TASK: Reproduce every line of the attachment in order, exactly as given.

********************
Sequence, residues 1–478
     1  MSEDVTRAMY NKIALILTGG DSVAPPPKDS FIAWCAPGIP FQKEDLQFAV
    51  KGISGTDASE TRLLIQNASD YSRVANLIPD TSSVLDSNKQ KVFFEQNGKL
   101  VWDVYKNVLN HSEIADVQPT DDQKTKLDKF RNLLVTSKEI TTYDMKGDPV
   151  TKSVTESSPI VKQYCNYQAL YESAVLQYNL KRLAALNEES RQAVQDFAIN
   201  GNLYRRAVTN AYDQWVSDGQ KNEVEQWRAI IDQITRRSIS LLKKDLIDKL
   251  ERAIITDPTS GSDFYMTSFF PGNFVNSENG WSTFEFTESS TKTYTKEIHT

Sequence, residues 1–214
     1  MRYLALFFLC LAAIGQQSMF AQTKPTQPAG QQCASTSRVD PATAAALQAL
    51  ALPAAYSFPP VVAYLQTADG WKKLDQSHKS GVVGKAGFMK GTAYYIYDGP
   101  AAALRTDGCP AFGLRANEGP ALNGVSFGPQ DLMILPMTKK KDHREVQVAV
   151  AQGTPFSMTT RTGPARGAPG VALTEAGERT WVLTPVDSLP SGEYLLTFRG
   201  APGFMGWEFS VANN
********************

Sequence, residues 1–478
     1  MSEDVTRAMY NKIALILTGG DSVAPPPKDS FIAWCAPGIP FQKEDLQFAV
    51  KGISGTDASE TRLLIQNASD YSRVANLIPD TSSVLDSNKQ KVFFEQNGKL
   101  VWDVYKNVLN HSEIADVQPT DDQKTKLDKF RNLLVTSKEI TTYDMKGDPV
   151  TKSVTESSPI VKQYCNYQAL YESAVLQYNL KRLAALNEES RQAVQDFAIN
   201  GNLYRRAVTN AYDQWVSDGQ KNEVEQWRAI IDQITRRSIS LLKKDLIDKL
   251  ERAIITDPTS GSDFYMTSFF PGNFVNSENG WSTFEFTESS TKTYTKEIHT

Sequence, residues 1–214
     1  MRYLALFFLC LAAIGQQSMF AQTKPTQPAG QQCASTSRVD PATAAALQAL
    51  ALPAAYSFPP VVAYLQTADG WKKLDQSHKS GVVGKAGFMK GTAYYIYDGP
   101  AAALRTDGCP AFGLRANEGP ALNGVSFGPQ DLMILPMTKK KDHREVQVAV
   151  AQGTPFSMTT RTGPARGAPG VALTEAGERT WVLTPVDSLP SGEYLLTFRG
   201  APGFMGWEFS VANN